[UPDATED 04/17/2017] Highland Park Neighborhood residents aren’t happy about a developer's plan to put a building and parking lot near the corner of Highland Avenue and South Goodman Street, on the Colgate Rochester Crozer Divinity School campus.
The developer, Top Capital of New York, an investment firm that’s buying the divinity school campus, plans to turn the campus buildings into a boutique hotel and conference center, making minimal changes to the buildings' exteriors in the process. That part of the plan has been uncontroversial, at least so far.
But Top Capital also wants to build a three-story, 40,000-square-foot building that would serve as the seminary’s new campus and would provide 10 apartments for students, along with some first-floor space for what Top Capital's chief development officer Lou Giardino calls "compatible uses." The developer hasn’t submitted an application to the city yet.
Some residents of the area say the building will mar the view of a Rochester landmark. And a new institutional building set right against Highland Avenue would be inconsistent with the residential character of the area and would also clash with the neighboring Highland Park landscape, they say.
“I think the neighborhood wants to see the developer and the divinity school go back to the drawing board,” says Monica McCullough, who lives on Highland Avenue near the campus.
McCullough is also one of many residents who have raised questions about whether the property will have to be rezoned for the new building. The campus is currently zoned as an Institutional Planned Development district, which allows for some new construction on the property as long as it fits criteria previously agreed to by the city and school, says Zina Lagonegro, the city’s director of planning and zoning.
But when the city passed its 2003 zoning ordinance revamp, IPD’s were eliminated and were replaced with something called Planned Development Districts. Any major changes to an IPD site’s use would require that the property be converted to a Planned Development District, a detailed and deliberative process that includes public involvement.
Lagonegro says she can’t comment on the process the project might follow, since no application has been submitted yet. But from what she’s seen, she expects the property would have to become a Planned Development District. Those districts can incorporate detailed standards for landscaping, screening, building on steep slopes, building size and appearance, and signs.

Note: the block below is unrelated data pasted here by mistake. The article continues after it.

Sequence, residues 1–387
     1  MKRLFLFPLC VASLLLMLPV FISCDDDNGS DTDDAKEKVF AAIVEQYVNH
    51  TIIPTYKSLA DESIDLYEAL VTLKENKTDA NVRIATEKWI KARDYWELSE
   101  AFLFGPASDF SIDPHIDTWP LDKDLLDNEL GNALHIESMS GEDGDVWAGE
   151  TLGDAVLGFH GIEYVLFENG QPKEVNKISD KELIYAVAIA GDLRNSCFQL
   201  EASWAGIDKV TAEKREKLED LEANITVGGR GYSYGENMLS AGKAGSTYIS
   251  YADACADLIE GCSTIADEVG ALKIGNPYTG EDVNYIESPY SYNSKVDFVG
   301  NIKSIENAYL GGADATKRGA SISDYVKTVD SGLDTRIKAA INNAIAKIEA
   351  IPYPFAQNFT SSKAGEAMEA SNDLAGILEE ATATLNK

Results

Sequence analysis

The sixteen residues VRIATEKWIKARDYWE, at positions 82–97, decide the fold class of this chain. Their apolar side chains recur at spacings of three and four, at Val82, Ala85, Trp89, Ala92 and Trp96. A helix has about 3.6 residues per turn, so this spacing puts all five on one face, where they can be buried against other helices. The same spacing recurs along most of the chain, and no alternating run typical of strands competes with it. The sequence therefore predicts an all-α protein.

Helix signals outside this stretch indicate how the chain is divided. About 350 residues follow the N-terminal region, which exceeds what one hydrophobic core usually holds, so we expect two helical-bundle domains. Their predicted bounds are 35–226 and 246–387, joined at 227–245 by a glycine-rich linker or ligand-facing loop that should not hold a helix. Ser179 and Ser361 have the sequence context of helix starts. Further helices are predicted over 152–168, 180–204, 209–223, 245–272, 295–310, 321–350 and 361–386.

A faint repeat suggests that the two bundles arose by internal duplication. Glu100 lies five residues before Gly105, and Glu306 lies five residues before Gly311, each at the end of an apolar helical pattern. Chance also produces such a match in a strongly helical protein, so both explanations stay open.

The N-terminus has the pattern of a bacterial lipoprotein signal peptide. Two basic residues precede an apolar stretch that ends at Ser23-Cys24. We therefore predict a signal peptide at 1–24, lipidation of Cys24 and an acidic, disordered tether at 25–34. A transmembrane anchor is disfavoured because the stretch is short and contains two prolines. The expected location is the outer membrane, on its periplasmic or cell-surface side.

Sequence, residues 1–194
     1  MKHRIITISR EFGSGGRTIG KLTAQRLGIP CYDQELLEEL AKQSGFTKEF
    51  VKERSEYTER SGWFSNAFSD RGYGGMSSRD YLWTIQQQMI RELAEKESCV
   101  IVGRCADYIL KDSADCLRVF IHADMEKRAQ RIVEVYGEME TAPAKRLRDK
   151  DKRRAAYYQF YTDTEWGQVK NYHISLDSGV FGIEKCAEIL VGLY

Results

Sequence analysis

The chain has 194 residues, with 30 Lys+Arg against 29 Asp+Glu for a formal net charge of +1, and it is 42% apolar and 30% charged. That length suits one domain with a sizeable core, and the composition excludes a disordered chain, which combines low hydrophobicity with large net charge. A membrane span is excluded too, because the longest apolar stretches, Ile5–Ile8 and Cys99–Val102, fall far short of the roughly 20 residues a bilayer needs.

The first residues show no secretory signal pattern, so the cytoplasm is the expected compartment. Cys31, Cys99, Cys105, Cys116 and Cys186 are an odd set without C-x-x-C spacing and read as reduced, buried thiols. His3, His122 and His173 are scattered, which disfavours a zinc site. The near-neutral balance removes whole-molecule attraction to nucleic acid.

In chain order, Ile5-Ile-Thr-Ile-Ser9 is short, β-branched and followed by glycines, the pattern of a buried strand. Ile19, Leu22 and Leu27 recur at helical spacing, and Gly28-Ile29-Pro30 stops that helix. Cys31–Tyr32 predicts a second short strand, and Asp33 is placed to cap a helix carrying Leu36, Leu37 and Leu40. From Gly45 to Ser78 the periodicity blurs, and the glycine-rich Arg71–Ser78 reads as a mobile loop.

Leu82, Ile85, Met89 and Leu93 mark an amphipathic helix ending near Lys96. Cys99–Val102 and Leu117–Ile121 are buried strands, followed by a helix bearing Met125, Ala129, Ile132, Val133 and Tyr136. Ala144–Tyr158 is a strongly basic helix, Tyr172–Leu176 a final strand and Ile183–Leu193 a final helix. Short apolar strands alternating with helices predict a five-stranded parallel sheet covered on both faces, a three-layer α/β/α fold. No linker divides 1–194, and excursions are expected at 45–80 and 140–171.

Residents questioned Giardino – and shared their objections to the building’s location – during a Highland Park Neighborhood Association meeting last week.
Giardino told the neighbors that the firm presented the divinity school trustees with an option to stay on the campus, which in turn would allow the institution to remain a part of the Highland Park neighborhood. The trustees liked the idea, but they want their new building to have a prominent spot on the property, he said.
The new building would be built behind the existing fence, he said, and wouldn’t need new entrances off of Highland Avenue, where there is already a driveway leading to a small service building.
"Visibility is a concern for us," said Tom McDade Clay, the school's vice president for institutional advancement. The trustees didn't want the building in the rear of the property, he said.
Residents, however, suggested that's exactly where it should go. Some have realized that their best bet for relocating the building away from the Highland-Goodman edge of the property may be to press the school’s trustees.
Some speakers also suggested that the 100-car parking lot next to the new building would make the intrusion worse. Giardino countered that screening the lot with trees is a possibility, depending on the outcome of the city's review of the project.
"The divinity school needs to be stewards to the neighborhood," one resident told Giardino and McDade Clay.
The original version of this post has been replaced with an expanded one.